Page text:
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Private Tour: Cologne City Highlights
"Start your tour with a pickup from your Cologne hotel and travel into the center of town with your private guide. While relaxing in the comfort of your air-conditioned minivan chat with your guide about the places on your itinerary and if you would perhaps like to focus on one area more than another simply let your guide know.The first stop on your sightseeing tour is Cologne Cathedral (Kölner Dom) the city’s symbolic landmark and one of Germany’s most striking Gothic monuments. Learn about the Roman Catholic cathedral from the outside of the building while admiring its large frontal facade and then head inside to explore independently. After strolling around the captivating place of worship
From EUR64.00
 
Private Tour: Cologne City Highlights
"Start your tour with a pickup from your Cologne hotel and travel into the center of town with your private guide. While relaxing in the comfort of your air-conditioned minivan chat with your guide about the places on your itinerary and if you would perhaps like to focus on one area more than another simply let your guide know.The first stop on your sightseeing tour is Cologne Cathedral (Kölner Dom) the city’s symbolic landmark and one of Germany’s most striking Gothic monuments. Learn about the Roman Catholic cathedral from the outside of the building while admiring its large frontal facade and then head inside to explore independently. After strolling around the captivating place of worship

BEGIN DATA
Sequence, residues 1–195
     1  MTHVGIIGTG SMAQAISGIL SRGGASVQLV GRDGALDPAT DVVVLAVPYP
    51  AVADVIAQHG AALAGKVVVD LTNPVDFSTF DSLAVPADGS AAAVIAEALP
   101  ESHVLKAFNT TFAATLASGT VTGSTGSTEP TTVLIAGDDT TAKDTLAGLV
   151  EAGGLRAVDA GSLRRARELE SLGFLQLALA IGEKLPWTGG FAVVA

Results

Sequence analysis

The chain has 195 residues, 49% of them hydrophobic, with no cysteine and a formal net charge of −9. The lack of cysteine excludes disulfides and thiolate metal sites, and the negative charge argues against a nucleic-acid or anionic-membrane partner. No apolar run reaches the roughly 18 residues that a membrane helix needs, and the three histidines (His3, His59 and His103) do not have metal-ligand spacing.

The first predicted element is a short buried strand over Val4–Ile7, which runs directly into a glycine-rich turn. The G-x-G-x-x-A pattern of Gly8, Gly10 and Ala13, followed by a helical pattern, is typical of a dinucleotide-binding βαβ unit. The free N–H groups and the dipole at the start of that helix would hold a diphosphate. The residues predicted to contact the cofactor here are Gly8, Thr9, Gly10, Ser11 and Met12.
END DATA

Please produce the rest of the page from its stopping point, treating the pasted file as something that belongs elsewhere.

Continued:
From EUR64.00
 
Private Tour: Cologne City Highlights
"Start your tour with a pickup from your Cologne hotel and travel into the center of town with your private guide. While relaxing in the comfort of your air-conditioned minivan chat with your guide about the places on your itinerary and if you would perhaps like to focus on one area more than another simply let your guide know.The first stop on your sightseeing tour is Cologne Cathedral (Kölner Dom) the city’s symbolic landmark and one of Germany’s most striking Gothic monuments. Learn about the Roman Catholic cathedral from the outside of the building while admiring its large frontal facade and then head inside to explore independently. After strolling around the captivating place of worship